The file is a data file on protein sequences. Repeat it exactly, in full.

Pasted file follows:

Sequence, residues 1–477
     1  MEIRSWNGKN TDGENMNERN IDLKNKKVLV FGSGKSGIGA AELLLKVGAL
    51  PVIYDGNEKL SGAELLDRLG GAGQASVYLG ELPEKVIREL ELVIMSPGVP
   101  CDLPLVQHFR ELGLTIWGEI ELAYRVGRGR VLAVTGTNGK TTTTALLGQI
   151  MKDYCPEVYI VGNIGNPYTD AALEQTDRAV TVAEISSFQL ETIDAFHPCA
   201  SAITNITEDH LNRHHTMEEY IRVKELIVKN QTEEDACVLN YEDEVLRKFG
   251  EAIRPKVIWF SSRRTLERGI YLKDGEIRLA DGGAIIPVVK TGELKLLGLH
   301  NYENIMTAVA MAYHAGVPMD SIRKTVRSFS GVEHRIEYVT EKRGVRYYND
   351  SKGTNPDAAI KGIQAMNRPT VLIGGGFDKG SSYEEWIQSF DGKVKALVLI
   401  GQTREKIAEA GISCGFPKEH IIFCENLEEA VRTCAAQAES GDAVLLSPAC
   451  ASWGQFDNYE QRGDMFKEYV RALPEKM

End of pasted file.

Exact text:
Sequence, residues 1–477
     1  MEIRSWNGKN TDGENMNERN IDLKNKKVLV FGSGKSGIGA AELLLKVGAL
    51  PVIYDGNEKL SGAELLDRLG GAGQASVYLG ELPEKVIREL ELVIMSPGVP
   101  CDLPLVQHFR ELGLTIWGEI ELAYRVGRGR VLAVTGTNGK TTTTALLGQI
   151  MKDYCPEVYI VGNIGNPYTD AALEQTDRAV TVAEISSFQL ETIDAFHPCA
   201  SAITNITEDH LNRHHTMEEY IRVKELIVKN QTEEDACVLN YEDEVLRKFG
   251  EAIRPKVIWF SSRRTLERGI YLKDGEIRLA DGGAIIPVVK TGELKLLGLH
   301  NYENIMTAVA MAYHAGVPMD SIRKTVRSFS GVEHRIEYVT EKRGVRYYND
   351  SKGTNPDAAI KGIQAMNRPT VLIGGGFDKG SSYEEWIQSF DGKVKALVLI
   401  GQTREKIAEA GISCGFPKEH IIFCENLEEA VRTCAAQAES GDAVLLSPAC
   451  ASWGQFDNYE QRGDMFKEYV RALPEKM